Most aircraft tires are filled with nitrogen as opposed to air because of its stability at different altitudes and temperatures. Air is about 20% oxygen, which at high pressures and temperatures is a very reactive element. Oxygen reaction with other elements is more commonly known as oxidation.
Aircraft tires have the potential to run very hot, so much so that they can actually reach the auto-ignition temperature of oxygen and thus catch on fire. As nitrogen doesn't support combustion, nitrogen-filled tires displaces fuels that aid in combustion. Nitrogen also helps prevent and/or slow oxidation.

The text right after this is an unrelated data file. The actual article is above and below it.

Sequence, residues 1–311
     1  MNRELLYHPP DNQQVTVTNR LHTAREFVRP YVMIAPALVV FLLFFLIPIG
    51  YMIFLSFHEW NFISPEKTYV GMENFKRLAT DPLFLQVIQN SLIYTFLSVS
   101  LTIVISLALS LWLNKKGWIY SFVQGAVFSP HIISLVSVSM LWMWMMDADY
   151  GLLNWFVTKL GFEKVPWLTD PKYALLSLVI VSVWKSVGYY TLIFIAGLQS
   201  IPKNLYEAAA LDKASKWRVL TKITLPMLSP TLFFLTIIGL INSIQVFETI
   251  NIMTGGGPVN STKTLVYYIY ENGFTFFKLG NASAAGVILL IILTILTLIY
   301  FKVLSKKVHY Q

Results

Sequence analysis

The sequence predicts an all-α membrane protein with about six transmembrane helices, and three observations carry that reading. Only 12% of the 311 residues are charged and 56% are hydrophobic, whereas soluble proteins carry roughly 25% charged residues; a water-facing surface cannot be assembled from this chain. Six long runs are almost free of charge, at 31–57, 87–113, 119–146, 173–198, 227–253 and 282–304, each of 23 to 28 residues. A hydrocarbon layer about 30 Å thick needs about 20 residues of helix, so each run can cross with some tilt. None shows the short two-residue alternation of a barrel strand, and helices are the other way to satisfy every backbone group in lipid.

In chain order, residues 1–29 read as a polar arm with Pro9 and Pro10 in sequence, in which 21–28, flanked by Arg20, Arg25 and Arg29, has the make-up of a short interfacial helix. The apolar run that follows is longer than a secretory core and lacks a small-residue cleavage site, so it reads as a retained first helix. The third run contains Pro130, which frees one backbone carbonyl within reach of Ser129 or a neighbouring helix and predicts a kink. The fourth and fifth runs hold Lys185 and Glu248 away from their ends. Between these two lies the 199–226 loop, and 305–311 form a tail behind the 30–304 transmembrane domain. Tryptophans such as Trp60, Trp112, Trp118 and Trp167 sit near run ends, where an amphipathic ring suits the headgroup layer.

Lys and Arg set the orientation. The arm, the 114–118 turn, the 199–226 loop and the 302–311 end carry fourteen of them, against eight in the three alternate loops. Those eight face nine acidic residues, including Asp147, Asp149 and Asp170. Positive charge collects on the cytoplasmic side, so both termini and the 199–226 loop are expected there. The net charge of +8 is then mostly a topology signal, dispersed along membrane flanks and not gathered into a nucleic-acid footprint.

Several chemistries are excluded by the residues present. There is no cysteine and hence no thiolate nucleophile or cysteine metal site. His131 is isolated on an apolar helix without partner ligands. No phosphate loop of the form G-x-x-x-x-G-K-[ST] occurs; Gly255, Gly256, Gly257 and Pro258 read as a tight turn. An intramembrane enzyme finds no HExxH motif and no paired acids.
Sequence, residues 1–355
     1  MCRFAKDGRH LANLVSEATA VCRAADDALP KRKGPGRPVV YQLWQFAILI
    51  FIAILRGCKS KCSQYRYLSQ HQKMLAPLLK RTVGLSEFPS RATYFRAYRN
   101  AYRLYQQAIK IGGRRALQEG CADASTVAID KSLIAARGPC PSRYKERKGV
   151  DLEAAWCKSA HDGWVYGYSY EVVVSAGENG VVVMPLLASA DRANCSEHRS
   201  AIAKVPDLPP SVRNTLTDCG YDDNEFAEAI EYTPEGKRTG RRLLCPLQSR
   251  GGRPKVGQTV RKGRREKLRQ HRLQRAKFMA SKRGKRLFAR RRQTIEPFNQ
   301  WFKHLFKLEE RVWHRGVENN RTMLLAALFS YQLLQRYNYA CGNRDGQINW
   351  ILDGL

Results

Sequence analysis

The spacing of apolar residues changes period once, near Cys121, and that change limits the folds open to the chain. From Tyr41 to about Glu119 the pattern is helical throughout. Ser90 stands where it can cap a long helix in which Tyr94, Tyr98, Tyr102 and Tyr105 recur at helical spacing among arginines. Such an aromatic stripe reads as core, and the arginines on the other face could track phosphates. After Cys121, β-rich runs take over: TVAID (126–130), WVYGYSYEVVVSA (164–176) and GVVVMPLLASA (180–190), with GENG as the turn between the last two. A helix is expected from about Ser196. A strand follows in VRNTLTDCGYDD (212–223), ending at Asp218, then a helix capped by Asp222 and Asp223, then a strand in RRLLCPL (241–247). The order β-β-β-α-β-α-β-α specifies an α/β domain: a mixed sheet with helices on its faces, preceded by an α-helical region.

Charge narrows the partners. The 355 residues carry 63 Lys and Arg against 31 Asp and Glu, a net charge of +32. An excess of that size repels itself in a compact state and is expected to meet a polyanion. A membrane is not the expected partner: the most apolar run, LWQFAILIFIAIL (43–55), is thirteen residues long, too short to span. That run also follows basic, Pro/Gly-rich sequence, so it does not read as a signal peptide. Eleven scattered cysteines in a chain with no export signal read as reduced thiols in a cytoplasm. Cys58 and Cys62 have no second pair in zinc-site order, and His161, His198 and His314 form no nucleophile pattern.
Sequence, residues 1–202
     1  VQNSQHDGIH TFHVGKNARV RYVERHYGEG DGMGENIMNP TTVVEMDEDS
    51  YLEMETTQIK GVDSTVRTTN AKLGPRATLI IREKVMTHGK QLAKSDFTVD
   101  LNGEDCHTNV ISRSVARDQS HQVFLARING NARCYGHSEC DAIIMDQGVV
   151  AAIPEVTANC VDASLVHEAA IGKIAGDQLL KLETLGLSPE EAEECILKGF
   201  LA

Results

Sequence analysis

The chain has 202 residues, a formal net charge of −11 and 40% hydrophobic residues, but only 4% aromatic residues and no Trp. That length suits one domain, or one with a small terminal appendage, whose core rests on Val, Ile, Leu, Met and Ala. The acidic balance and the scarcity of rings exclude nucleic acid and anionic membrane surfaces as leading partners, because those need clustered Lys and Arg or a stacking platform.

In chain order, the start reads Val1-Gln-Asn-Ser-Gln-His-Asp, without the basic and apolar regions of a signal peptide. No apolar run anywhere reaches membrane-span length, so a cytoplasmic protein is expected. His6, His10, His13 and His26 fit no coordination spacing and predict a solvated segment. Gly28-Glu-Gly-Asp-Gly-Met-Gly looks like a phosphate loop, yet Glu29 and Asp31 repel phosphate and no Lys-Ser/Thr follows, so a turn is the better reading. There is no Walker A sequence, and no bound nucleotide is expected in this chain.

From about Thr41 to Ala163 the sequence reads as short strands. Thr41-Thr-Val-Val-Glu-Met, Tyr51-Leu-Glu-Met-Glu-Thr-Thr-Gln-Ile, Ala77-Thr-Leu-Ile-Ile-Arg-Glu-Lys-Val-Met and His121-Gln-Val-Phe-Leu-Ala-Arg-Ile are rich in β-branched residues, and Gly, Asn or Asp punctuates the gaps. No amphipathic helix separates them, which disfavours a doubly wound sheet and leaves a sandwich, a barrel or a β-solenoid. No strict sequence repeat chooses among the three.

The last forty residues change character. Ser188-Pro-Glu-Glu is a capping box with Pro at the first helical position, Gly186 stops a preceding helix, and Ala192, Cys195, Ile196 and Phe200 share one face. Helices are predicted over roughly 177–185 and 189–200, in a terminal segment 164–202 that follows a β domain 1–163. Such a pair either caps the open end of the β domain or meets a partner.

Tires aren’t the only application for nitrogen aboard aircraft – the shocks and struts that support the landing gear also employ nitrogen. Shock absorbers and struts are hydraulically driven systems that utilize dual cylinders – the inner cylinder is filled entirely with the hydraulic fluid while the outer cylinder contains a combination of fluid and gas, most commonly nitrogen.
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